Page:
I hope this helps your readers out. I agree with you about running the cables inside for those in apartments. Lightning is completely unpredictable and can jump from one cable to another inside the building. People have been known to get injured just for standing near something that gets hit.
Dave Gallagher
Product Manager
L-com, Incorporated
45 Beechwood Drive
North Andover, MA 01845
V: 978.682.6936 x127
F: 978.689.9484

-----Original Message-----
From: Larry Byard
Sent: Thursday, April 11, 2002 5:12 PM
To: 'David Gallagher'
Subject: RE: Running Network Cable Underground
David, thank you very much for your fast reply and a thorough response. Your expertise is evident and much appreciated. May I have permission to post it on my web site? Do you have any comments on going wireless as a possible solution and what the cost differences would be? Larry

Good morning,

Go ahead and post whatever part you need to. I am currently working on a project to detail out in a diagram the answer to your questions below since this is something that I get asked almost daily. I will try to remember to forward a copy of that to you for future reference once it is completed.
Wireless networking products are one of the fastest growing segments. Most wireless products are limited to 11Mbps. This will change over time but for now that is the standard. Every manufacture offers different equipment and features but they are rather similar over all. Asante Technologies, Linksys, Netgear, and 3Com offer a selection of wireless equipment at reasonable prices. Most of these systems work up to about 1500Ft(outdoor). 3Com offers a solution that can work up to a max of 2.5 miles using special external antennas. Currently we list some of these common technologies on our website. Users can install a wireless hub at less than $170 and then cards for each computer for under $100. I usually recommend users limit their expected distance to around 200 feet for optimum speed and quality. These systems are line of sight so obstructions such as buildings will affect performance. A wireless network is a shared environment instead of a switch so users with multiple computers attempting communication, will find that the speed slows down. Then the last concern with wireless is security. This is a research paper all by itself. This debate will continue for years so I will not try to attempt it. Personally I believe that no matter how secure something is, someone out there is smart enough to hack it.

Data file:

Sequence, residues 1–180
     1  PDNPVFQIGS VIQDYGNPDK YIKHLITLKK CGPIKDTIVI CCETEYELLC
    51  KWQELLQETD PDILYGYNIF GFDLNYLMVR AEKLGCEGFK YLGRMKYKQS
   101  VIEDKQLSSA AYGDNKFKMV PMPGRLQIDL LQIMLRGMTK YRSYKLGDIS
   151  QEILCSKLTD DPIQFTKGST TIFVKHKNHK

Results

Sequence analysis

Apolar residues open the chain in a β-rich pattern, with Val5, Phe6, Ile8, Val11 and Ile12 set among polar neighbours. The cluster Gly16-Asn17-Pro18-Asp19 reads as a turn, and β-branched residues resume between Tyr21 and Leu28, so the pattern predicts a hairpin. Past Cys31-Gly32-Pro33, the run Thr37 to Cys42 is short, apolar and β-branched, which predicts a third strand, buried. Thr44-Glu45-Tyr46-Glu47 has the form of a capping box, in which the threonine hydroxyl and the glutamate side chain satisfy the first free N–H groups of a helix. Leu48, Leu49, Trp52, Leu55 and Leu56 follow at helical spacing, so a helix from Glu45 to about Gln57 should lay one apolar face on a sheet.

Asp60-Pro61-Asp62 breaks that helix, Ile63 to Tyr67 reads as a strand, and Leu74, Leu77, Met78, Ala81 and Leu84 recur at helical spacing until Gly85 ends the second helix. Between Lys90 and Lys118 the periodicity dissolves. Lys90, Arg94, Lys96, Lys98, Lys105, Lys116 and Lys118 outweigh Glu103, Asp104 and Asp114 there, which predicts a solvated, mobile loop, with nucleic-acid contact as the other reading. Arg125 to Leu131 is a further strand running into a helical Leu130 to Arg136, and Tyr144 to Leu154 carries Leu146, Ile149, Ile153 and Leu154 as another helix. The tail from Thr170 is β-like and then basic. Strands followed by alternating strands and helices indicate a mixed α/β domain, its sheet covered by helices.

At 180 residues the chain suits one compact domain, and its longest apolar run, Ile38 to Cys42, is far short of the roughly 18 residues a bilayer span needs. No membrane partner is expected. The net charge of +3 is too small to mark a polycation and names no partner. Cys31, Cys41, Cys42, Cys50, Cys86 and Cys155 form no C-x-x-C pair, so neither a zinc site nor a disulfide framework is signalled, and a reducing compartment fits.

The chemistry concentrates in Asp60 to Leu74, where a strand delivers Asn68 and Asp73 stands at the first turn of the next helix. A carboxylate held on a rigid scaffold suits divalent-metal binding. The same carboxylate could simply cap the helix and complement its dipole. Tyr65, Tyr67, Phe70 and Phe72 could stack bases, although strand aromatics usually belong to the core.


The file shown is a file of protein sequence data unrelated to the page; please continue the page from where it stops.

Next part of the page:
If the users needs high speed then a hard wired solution is best. If this is just for a home environment for a couple computers then the wireless solution is not all that expensive when you consider the alternatives.

Dave Gallagher
Product Manager

4. RE: running CAT5 underground
Denali Apr-27-02 02:21 AM
In response to message 0